“A Cry from Egypt” is a work of historical fiction written by homeschool graduate, Hope Auer. She began writing this book seven years ago, at the age of 13, when she was studying Ancient Egypt with her family. At the time, she was assigned to write a short historical fiction based on what she learned of Ancient Egypt. Twenty-five pages later, the beginnings of A Cry From Egypt was born!
At the age of 17, Ms Auer was browsing a Christian bookstore with her mother, and was horrified by the books that were published as so-called Christian fiction. She found that they either barely mentioned God, or that the stories were written in such a way that they trivialized God’s role in our lives.
As I continued to write my own book, “A Cry From Egypt,” I prayed almost every day before I sat down to write. I prayed that this book wouldn’t draw anyone away from Jesus. I prayed that I would write what God wanted me to write so that people would be encouraged in their faith. My dear reader, if you are an author, or an aspiring author, please look around you at the books that are out there. How many of them bring glory to God’s precious name? Without Jesus, we wouldn’t be here right now. There would be no hope, no joy, no love in this world. We can’t even breathe without God’s help. Why would we write anything that would either water down the gospel or teach your readers to pursue the world and the things of this world and take them away from God?
Although the story was slated for kids ages 8 and older, I read the story with my 7-year-old.
Some of the scenes dealing with the harsh treatment of the overseers to the slaves was a bit intense for my boy, and he balked against listening to the story in the beginning.
When I explained to him that this was a fictional story based on the time when God used Moses to lead the Israelites out of Egypt and toward the Promised Land, his interest was renewed.
I found this book to be very well-written, but I had to change a lot of the words to make it more understandable for my son. I also skipped over the short parts that talked about flirting – that wasn’t something that I wanted to have to explain to him just yet!
A Cry From Egypt is written from the perspective of the Israelite slaves as they await deliverance from their Egyptian oppressors. There were two main families Hebrew families that we “follow” throughout the story. What was interesting to me, is that the whole of the first Egyptian family did not worship God. The father believed in and worshiped God, and taught his children about the one true God, but their mother believed in the false gods that the Egyptians worshiped.
Although I had learned about Moses and the Isrealite’s Exodus from Egypt through Sunday School and in my own Bible readings, I didn’t know that the ten plagues that the Lord sent down on the Egyptians each singled out one of the Egyptian’s false gods.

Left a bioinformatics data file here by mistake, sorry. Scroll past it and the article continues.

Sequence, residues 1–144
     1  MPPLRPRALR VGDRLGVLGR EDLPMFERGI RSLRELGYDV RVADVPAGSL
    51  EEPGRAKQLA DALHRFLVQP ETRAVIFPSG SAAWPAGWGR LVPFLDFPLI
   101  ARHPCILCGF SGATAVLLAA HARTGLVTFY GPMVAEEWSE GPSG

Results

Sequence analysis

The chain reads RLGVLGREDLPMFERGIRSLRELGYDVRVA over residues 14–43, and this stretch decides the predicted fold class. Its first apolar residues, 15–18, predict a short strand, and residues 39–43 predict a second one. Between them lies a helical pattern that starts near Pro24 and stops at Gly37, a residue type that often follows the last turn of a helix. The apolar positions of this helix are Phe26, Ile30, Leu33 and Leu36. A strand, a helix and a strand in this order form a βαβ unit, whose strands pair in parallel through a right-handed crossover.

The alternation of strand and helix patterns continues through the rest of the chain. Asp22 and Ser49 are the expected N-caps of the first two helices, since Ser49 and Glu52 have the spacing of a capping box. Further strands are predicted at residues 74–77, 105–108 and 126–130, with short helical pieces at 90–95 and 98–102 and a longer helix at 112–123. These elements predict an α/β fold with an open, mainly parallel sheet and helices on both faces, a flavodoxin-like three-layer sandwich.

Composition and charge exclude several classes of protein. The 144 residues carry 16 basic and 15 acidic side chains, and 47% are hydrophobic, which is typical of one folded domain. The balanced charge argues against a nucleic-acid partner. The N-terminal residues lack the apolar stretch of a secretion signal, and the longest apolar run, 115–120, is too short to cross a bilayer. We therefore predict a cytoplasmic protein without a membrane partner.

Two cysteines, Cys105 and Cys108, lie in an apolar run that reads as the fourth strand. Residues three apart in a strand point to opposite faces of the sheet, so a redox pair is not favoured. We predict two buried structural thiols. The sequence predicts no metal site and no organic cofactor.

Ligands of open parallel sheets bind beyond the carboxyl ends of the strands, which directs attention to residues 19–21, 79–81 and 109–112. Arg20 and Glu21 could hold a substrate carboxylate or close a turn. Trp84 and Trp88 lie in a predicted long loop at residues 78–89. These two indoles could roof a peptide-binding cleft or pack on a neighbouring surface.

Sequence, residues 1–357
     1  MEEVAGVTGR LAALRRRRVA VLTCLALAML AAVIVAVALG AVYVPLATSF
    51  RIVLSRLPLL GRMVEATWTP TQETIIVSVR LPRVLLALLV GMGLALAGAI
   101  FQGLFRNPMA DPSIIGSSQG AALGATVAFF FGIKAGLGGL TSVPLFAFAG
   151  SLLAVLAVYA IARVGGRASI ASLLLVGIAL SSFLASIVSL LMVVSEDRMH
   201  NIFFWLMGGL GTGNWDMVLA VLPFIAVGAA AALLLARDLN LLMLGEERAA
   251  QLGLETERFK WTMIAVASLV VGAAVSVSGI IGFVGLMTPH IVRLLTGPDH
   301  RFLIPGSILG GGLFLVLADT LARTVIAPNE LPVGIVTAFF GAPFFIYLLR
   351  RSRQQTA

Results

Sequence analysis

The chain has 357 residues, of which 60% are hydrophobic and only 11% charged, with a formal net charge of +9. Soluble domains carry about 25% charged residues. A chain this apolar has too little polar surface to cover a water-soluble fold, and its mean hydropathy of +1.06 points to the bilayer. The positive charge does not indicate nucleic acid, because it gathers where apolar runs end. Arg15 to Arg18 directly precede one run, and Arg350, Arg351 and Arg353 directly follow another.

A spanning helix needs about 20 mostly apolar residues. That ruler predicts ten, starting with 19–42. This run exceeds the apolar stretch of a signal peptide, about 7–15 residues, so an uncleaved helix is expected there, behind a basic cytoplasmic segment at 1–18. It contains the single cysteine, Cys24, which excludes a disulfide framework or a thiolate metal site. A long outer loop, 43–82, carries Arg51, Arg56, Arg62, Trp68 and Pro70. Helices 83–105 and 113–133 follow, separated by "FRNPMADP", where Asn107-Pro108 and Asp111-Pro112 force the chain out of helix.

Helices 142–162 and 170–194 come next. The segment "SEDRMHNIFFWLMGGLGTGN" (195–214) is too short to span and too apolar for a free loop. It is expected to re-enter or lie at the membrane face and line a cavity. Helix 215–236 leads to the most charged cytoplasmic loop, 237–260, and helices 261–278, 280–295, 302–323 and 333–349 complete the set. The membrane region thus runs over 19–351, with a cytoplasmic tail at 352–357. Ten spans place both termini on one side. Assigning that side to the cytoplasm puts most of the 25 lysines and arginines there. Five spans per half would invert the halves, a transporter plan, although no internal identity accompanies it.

For example, when the Lord covered the land with frogs, one of the sons asked why the Egyptians couldn’t just kill the frogs to get rid of them. Their mother was exasperated, saying that the frogs couldn’t be killed because they were sacred. She explains it further:
“One of the gods is Heget. She has the head of a frog. Frogs are associated with fertility and resurrection because they come from the Nile. So frogs are sacred because they represent the goodness of Heget. We don’t worship frogs. We just hold them as sacred.”
Each one of the plagues was meant to specifically demean and tear down a false god. Did you know that?
I loved the way that this was explained throughout the book in a way that my son could understand. We’ve also been reading the accounts from the Bible to accompany this story – just to reaffirm the Biblical basis of the storyline.
I would love to know where she found the names for the characters – and how to pronounce some of them!
My son has asked me to read it to him again (we JUST finished it!). We both enjoyed it very much, and I look forward to reading the other books in the series!
This book was published by Hal & Melanie Young of Raising Real Men and Great Waters Press, and is the first in “The Promised Land Series”. The illustrations for this book were done by homeschool graduate, Mike Slaton.
Advanced reader copies can be purchased here for $12.50
Disclaimer: I received a complimentary paperback copy of this book in exchange for my honest review. All thoughts and opinions are my own. No monetary compensation was received.